• You don’t want to carry heavy stylesheets that only make for a slow loading site. Tuktuk is lightweight at just 9kb gzipped.
  • Object Oriented CSS
    • The purpose is to encourage code reuse plus faster and more efficient stylesheets that are easier to add to and maintain.
  • Community Project
    • Each new line of code is welcomed, I hope that developers and restless minds help me improve this humble project day by day.

#####Responsiveness

Tuk Tuk is a responsive framework with set breakpoints in its grid system. Aside from that, you can also set content to be visible/hide on various environments

#####Compatibility No information readily available

##### Usability</

There is no documentation on the classes used in tuk tuk, nor are there code snippets alongside the visual demos. While the class names used aren’t exactly archaic, having to dig into the framework’s css for every element you want to style makes it much more of a chore to use it than it would be with proper documentation

#####Costs

Tuk Tuk is free and open on github for contributions. The gzipped filesize is a whopping 9kb, so practically no extra bloat; however since there’s little to no documentation and the class naming conventions follow more of a semantic structure than any other framework (relying on things like header>nav as opposed to related classes - the spin up time and amount of time it takes to get familiar with the framework varies on how much your team follows the current semantics. (this also will hurt the framework when new tags and dom structures get released).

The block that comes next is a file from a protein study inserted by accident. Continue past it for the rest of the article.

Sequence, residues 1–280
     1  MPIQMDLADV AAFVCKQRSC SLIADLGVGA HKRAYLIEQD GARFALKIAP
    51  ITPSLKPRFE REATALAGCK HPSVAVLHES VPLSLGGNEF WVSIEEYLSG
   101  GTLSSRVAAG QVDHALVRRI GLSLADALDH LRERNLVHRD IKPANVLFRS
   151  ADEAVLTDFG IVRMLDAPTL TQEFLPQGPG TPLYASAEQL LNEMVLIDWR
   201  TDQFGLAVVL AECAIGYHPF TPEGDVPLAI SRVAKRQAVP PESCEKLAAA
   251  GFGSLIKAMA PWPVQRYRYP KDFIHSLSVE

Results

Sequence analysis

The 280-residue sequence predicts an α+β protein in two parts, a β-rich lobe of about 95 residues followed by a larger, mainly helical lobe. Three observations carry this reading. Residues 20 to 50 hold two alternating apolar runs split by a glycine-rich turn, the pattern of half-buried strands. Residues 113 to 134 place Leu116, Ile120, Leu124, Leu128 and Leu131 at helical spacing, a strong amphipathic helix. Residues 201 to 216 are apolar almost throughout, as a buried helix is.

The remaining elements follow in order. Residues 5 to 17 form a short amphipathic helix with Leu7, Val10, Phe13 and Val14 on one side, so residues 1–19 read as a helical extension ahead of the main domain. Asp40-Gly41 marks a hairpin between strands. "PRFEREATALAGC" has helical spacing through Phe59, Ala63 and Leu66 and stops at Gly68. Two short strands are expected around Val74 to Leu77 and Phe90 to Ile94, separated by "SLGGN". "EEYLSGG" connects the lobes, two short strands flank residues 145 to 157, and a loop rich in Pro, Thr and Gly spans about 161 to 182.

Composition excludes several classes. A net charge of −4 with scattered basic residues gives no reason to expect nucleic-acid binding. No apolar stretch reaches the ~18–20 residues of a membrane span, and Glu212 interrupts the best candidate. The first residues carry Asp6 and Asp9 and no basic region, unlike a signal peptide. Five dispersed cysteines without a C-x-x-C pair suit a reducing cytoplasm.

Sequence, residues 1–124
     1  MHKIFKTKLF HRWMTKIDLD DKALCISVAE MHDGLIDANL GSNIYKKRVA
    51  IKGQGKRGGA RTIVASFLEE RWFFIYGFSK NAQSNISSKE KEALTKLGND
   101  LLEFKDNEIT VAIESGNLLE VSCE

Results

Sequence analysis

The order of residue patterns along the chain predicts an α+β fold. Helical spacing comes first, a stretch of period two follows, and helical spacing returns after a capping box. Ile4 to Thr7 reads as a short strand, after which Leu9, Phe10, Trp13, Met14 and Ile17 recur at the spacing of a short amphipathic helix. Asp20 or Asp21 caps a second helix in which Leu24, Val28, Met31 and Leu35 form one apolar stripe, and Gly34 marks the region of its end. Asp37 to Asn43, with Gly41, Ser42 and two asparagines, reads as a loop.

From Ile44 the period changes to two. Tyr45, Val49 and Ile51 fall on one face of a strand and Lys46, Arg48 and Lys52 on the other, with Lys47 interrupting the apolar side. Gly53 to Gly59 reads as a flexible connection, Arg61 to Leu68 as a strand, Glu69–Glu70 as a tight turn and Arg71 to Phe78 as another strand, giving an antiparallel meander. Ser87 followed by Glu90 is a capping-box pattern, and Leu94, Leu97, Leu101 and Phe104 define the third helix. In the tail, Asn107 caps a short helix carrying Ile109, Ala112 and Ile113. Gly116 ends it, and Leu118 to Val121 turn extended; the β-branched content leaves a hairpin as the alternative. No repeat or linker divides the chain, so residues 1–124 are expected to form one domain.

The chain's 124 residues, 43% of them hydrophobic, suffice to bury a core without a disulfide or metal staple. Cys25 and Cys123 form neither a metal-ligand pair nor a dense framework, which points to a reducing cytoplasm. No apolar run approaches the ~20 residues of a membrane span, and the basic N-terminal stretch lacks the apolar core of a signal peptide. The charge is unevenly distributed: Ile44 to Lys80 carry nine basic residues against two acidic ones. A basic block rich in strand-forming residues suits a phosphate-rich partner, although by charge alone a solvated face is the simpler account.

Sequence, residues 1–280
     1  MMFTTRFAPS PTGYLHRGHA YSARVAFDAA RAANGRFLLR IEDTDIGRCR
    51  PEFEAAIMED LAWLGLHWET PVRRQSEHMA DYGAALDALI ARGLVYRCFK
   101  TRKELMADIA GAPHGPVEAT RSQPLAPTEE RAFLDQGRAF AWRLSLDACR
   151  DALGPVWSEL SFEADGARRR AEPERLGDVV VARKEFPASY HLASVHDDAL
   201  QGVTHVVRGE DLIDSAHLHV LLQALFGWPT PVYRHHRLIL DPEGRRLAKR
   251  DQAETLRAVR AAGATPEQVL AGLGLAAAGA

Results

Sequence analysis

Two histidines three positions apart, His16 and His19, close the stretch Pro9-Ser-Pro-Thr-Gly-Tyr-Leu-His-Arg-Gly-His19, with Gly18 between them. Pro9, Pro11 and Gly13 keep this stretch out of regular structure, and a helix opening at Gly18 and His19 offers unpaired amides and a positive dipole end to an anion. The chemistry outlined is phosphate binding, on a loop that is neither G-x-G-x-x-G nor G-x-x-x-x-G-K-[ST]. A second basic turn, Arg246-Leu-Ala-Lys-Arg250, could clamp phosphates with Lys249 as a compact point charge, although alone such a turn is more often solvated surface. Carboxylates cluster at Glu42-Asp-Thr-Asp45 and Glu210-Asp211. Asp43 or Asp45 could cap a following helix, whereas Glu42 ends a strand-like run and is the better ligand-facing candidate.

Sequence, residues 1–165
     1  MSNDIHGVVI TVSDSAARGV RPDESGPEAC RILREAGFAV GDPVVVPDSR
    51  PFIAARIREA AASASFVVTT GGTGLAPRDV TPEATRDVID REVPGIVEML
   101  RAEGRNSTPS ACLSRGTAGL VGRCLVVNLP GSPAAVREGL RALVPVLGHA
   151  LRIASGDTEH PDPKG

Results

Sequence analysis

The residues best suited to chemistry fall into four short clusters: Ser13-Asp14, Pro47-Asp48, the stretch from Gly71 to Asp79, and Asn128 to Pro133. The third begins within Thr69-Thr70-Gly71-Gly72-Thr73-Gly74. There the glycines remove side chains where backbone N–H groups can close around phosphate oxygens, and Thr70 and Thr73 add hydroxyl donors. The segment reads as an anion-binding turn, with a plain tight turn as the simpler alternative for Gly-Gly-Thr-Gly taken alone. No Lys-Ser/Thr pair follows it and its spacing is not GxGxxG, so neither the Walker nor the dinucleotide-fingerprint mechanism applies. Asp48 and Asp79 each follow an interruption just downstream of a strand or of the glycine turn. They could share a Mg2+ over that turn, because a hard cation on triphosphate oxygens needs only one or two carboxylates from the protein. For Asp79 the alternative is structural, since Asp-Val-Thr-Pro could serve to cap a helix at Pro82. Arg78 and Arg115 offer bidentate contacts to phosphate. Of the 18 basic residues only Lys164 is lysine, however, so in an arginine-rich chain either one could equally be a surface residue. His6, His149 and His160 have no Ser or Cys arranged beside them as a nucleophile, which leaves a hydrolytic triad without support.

#####Community

Since Tuk Tuk is a relatively small project with only 10 contributors and only 44 issues brought up in its github issue tracker, it would seem that there is only a small niche of a community that may or may not be able to offer Tuk Tuk Specific support when needed.

#####Thoughts Tuk Tuk is very clean and lightweight and its mission statement very clearly states that it’s in a different league than most of the other frameworks on this list. With only a handful of features I could suggest Tuk Tuk for spinning up a minimal flatUI site, or perhaps even using it as almost a boilerplate css for a responsive, fluid sites that are looking for something to get them up and going quickly and can be added to pretty simply.

###Final Thoughts This document covered a brief overview of various sorts of front end frameworks, and provided facts and insights about each without providing any specific code comparisons. Some frameworks are established formulae with personalized tweaks, some are ambitious reimaginings of existing paradigms, some were light weight and some didn’t really bring anything new to the table.

The current champion of the web, Bootstrap has a stigma currently attached to it due to the easiness with which one can spin up a site and toss some content into a template without customizing any content. However, above examples proved that it’s not ENTIRELY bootstraps fault. With time, tweaking, and patience it’s possible to create a site that doesn’t have the immediately recognizable ‘bootstrap’ feel. While bootstrap 1 and 2 focused heavily on gradients and getting a solid grid down; they’ve been slow to iterate and were one of the late comers to the ‘mobile first’ design paradigm.